Did I already say “green”?

It didn’t rain the entire time we were camping, and in fact our final day was a beauty – blue skies and an empty beach to wander along just a few minutes from the tent. 

Overlooking the Pacific!

I probably still wouldn’t go camping locally if the forecast calls for rain, but I would certainly camp in a NW rainforest again! 

Rainforest cooled…

Are you a happy camper in the rain – or would it take a rainforest to entice you?! Thanks for reading, please feel free to comment or share a story, and keep your guy ropes secure.

The desert is beckoning and we just can’t resist…

I’m generally an undemonstrative OldPlaidCamper – I say that I’m smiling on the inside – but I will confess to being and even appearing rather excited this week. Why? We have arranged to visit Joshua Tree this coming summer! I love this place! We met up with old friends there a couple of summers ago, and will be meeting them again in August. Why do I love this particular desert so much? Is it because the scenery is amazing?

We’d seen Joshua trees in pictures (and on album covers…) but those images did not prepare us for how strangely unique they are. Each one is so very different; they have an almost alien beauty. They grow in a desert full of rocky outcrops and sandy stretches, with mountains in the far distance – these are landscapes you just don’t see every day.

 Quite remarkable…

I will confess that we weren’t camping on our last stay. We’d been on the road for about a month, a trip from Alberta, zigzagging down to Colorado, New Mexico, Arizona and over to Joshua Tree, mixing up a few nights in a tent with a few nights in a cabin. A campground owner took pity on us in Needles, renting us a cabin that had a hardworking air conditioning unit. If you’ve ever been through Needles, CA in the summer, you’ll forgive us the air con unit…hottest place I’ve never camped! Anyway, no tent for us in Joshua Tree, rather this lovely little house perched on a rise above the town and overlooking the desert:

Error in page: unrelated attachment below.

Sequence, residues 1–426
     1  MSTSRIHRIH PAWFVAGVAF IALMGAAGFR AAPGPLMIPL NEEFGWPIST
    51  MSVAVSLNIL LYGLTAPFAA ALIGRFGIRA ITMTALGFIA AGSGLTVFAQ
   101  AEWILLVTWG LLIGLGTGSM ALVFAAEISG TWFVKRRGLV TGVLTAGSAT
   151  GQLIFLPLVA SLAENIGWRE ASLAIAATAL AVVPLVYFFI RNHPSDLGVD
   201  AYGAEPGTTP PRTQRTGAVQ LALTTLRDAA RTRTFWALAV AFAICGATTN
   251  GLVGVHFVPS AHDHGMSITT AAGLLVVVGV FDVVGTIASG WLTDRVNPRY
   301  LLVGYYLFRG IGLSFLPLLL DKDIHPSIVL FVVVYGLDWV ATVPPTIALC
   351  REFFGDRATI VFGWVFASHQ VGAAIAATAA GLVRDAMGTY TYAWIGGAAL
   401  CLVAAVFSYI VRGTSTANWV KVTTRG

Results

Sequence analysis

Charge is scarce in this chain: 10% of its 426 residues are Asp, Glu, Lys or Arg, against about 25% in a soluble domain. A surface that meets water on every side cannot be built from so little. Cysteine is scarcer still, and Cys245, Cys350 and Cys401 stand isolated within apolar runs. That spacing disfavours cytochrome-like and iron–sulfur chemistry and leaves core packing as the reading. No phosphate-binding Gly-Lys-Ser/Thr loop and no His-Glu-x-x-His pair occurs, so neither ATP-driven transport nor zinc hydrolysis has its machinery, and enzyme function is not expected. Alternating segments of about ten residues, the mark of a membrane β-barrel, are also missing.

Mrs PlaidCamper always finds great vacation rentals!

 Lovely vacation home!

Our jobs mean we take our vacations in the summer, a time of year that is off-season down in the desert. The high temperatures were fine provided we stayed in the shade, kept hydrated, moved slowly, and used sunblock. The National Park and town were pretty quiet in terms of other visitors, and when we headed up into the park, either early in the morning or towards dusk, there were few people about. I’m not an artist or photographer, but these times of day were really special in terms of the quality of light, and it was easy to see why the area attracts artists. Scenery plus light equals spectacular!Pretty shades

Intense shades

I am so excited to be returning here. Maybe it was the heat, but we really slowed down and relaxed thoroughly, soaking up this amazing place. At night, the lack of light pollution afforded us tremendous views of the Milky Way – this August, maybe I’ll try taking a photo…

Next time, I’ll write a little more about our trip to Joshua Tree, and how it was almost a wilderness too far upon our arrival. (Don’t wait up, it’s not as exciting as it sounds). I know, it’s the header picture again. But this place, love it, love it, love it!

 It isn’t on fire or smouldering, just looks that way!

Have you visited Joshua Tree? Where’s the hottest place you almost camped? (I’m such a boy!) Thanks for reading, and keep your guy ropes secure.